Rock musician explains how RuPaul’s Drag Race helped him come out as gay
An alt-rock drummer turned drag queen has told the story of how RuPaul’s Drag Race helped him explore his “lost identity” and come out as gay.
Ash Kenazi said, in a piece for The Independent, that in 2016 he “could not accept” that he was gay, but on the night of his “first non-hetero Netflix and chill” everything changed.
He had heard of the show previously, but said: “I was aware of the show, but hesitant to watch because I was worried about the consequences for my sexuality.
“Thank god for the man who sat me down and said, ‘You need your gayducation, and it starts now.'”
Kenazi’s world changed after that first All Stars episode, and he said the drag queens “showed gay culture and drag not as something to be feared, but as an act of defiance, a political statement and an embodiment of ‘charisma, uniqueness, nerve and talent.’”
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This weekend I’m channelling @lanadelrey at @latitudefest in a little exploration of what love is. Find me at the Cabaret stage on Sunday at 8:45 just before the goddess herself xxx #latitude #festival #dragqueen #love #carmen #delilah #lanadelrey #instadrag ? @charlie_raphael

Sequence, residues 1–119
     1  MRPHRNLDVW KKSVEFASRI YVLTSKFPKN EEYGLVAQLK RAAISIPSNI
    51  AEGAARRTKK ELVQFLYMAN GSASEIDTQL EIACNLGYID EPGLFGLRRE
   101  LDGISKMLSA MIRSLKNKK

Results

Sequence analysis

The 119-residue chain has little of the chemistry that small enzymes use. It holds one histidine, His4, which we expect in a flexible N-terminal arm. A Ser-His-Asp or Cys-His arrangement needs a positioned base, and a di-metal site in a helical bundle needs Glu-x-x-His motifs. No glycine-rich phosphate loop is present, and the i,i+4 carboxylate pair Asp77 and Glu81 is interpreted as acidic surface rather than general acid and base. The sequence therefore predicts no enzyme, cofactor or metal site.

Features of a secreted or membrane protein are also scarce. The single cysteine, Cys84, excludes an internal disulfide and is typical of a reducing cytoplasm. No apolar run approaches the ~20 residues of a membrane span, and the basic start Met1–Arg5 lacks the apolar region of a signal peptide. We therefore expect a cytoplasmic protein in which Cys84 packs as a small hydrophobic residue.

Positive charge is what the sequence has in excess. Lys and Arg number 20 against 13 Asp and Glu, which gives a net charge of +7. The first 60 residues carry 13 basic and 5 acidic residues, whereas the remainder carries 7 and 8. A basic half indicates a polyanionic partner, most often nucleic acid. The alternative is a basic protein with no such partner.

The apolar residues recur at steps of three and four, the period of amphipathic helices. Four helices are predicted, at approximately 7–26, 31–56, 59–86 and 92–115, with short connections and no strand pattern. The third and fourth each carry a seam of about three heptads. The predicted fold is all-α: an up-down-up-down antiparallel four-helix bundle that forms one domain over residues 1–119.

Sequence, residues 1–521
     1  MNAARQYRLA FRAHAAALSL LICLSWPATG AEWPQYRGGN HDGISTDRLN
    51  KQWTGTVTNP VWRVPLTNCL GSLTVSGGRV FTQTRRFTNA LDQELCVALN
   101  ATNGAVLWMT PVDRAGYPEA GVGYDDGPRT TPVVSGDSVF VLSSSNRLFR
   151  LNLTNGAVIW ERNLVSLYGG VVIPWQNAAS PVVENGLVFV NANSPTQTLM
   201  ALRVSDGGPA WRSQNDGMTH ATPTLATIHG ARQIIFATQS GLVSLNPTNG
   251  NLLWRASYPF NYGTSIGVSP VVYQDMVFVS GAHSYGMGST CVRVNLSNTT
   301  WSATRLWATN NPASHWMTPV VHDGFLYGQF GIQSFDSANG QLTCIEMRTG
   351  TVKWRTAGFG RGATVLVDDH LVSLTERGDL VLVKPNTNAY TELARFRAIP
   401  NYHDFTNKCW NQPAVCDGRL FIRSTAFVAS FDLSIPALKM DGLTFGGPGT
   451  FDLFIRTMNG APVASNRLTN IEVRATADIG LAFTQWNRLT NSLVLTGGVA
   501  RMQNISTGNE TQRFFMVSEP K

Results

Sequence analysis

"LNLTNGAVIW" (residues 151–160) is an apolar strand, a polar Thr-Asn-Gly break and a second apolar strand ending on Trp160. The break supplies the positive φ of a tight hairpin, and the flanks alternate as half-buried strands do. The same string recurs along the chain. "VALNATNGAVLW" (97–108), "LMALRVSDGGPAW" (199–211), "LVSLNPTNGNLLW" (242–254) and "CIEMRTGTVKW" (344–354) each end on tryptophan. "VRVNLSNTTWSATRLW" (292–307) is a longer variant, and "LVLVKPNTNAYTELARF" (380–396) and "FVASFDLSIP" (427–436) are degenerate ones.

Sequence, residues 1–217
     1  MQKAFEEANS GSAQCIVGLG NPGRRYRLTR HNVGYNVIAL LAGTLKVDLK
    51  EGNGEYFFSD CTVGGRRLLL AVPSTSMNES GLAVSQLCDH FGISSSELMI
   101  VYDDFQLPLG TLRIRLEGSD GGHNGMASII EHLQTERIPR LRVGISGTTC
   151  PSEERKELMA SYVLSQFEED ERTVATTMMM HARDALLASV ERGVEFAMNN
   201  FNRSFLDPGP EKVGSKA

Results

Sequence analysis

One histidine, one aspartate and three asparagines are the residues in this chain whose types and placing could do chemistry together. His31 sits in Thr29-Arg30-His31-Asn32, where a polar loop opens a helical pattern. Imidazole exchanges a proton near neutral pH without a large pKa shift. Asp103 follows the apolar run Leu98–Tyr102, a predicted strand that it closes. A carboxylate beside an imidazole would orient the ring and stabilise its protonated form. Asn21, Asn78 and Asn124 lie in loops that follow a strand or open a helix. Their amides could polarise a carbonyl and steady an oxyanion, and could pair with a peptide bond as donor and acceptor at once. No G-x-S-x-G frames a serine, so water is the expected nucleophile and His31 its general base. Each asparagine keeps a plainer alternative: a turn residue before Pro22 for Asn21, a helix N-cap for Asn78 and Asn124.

However it wasn’t just the glamour of RuPaul’s Drag Race that changed his outlook, it was the backstories of the queens and the struggles they had overcome.
He continued: “Queens such as Katya Zamolodchikova or Latrice Royale laid bare their vulnerabilities and spoke a truth that I could relate to; the difficulties of coming to terms with their sexuality and using drag as an opportunity to reclaim a femininity that was unavailable to them in their formative years.
“Drag Race forced me to leave my comfort zone and explore my lost identity.”
Kenazi said he has learned to love all the parts of himself, and he eventually decided to reveal his own drag persona at the rock and folk festival End of the Road.
“It was important that I reveal my true self to the scene I had spent my twenties trying to fit in with… The world felt familiar to me for the first time.”
He added: “Queer existence is a challenge in double living – being yourself in a world whose morality does not truly fit your identity.
“But in the world of drag, social norms become secondary to energy and passion.
“Once a queen has already deep throated a vegetable, fallen off the bar and set off a fire extinguisher, anything is possible.”
RuPaul’s Drag Race UK premieres tonight (October 3).